The ingress router will also tabulate values for the Minimum Path
   Latency (MPL) and estimated queueing delays (D_ATM) for each egress
   point.  The latter will be used as part of the Adspec "D" parameter
   for GS, but its use here applies to CLS as well.  MPL represents all
   non-congestion related delays, including propagation delay.  D_ATM
   accounts for the variable component of delays in the ATM network.
   (It may depend on parameters such as CDVT, etc.) Hence, when a VC is
   set up, the delay-related QoS parameters are given by

                                CDV = D_ATM
                                CTD = D_ATM + MPL.

   (CDV and CTD may be increased by the slack term in GS, see Section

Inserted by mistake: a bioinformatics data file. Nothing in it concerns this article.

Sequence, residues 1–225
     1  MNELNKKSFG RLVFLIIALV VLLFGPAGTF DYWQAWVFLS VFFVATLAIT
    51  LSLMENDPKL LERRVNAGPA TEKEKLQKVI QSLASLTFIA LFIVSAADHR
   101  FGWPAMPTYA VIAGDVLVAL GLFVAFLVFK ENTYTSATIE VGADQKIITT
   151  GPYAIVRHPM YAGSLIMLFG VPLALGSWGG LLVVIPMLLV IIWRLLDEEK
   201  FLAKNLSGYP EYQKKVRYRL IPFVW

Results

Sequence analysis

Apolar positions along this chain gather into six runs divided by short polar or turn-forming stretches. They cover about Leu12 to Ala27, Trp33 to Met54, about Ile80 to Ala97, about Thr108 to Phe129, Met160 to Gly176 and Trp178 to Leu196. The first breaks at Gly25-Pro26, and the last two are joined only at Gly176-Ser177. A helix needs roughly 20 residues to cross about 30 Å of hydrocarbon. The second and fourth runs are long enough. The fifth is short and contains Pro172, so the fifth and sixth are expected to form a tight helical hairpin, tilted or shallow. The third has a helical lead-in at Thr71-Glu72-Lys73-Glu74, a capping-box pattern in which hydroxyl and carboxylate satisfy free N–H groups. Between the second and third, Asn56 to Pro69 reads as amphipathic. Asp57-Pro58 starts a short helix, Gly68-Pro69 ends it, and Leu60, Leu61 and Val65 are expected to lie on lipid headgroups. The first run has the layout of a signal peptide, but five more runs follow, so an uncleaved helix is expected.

3.3 below.)  For rtVBR, the value of CDV will generally have a
   component of MBS/SCR analogous to the b/R term in the delay of GS
   service.  It may have other components that depend on the ATM switch
   implementation.  In cases where the ATM network uses statistical
   resouce allocation methods, it may be possible to establish VCs with
   CDV less than MBS/SCR.  This capability should be reflected in the
   D_ATM values advertised in GS and used to determine CDV in for VCs
   supporting both GS and CLS.

   It is interesting (and perhaps unfortunate) to note that in a typical
   GS/rtVBR service, the delay bound advertised can contain two
   components of b/R instead of one.  Consider the case where SCR = R
   and MBS = b.  Parekh's theory, which is the basis of the GS delay
   formula [8] states that the b/R delay term occurs only once, because



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   once a burst of size b has been served by a congested node at rate R,
   the packets will not arrive at a subsequent node as a single burst.